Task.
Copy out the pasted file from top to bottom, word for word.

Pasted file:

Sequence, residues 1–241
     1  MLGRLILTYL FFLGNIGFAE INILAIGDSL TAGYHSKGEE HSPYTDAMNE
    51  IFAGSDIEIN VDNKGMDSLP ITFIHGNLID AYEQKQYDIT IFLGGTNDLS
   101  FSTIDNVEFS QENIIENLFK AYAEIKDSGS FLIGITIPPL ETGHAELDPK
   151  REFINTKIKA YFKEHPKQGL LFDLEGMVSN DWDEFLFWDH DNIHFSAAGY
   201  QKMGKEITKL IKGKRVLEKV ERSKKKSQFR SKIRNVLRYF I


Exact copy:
Sequence, residues 1–241
     1  MLGRLILTYL FFLGNIGFAE INILAIGDSL TAGYHSKGEE HSPYTDAMNE
    51  IFAGSDIEIN VDNKGMDSLP ITFIHGNLID AYEQKQYDIT IFLGGTNDLS
   101  FSTIDNVEFS QENIIENLFK AYAEIKDSGS FLIGITIPPL ETGHAELDPK
   151  REFINTKIKA YFKEHPKQGL LFDLEGMVSN DWDEFLFWDH DNIHFSAAGY
   201  QKMGKEITKL IKGKRVLEKV ERSKKKSQFR SKIRNVLRYF I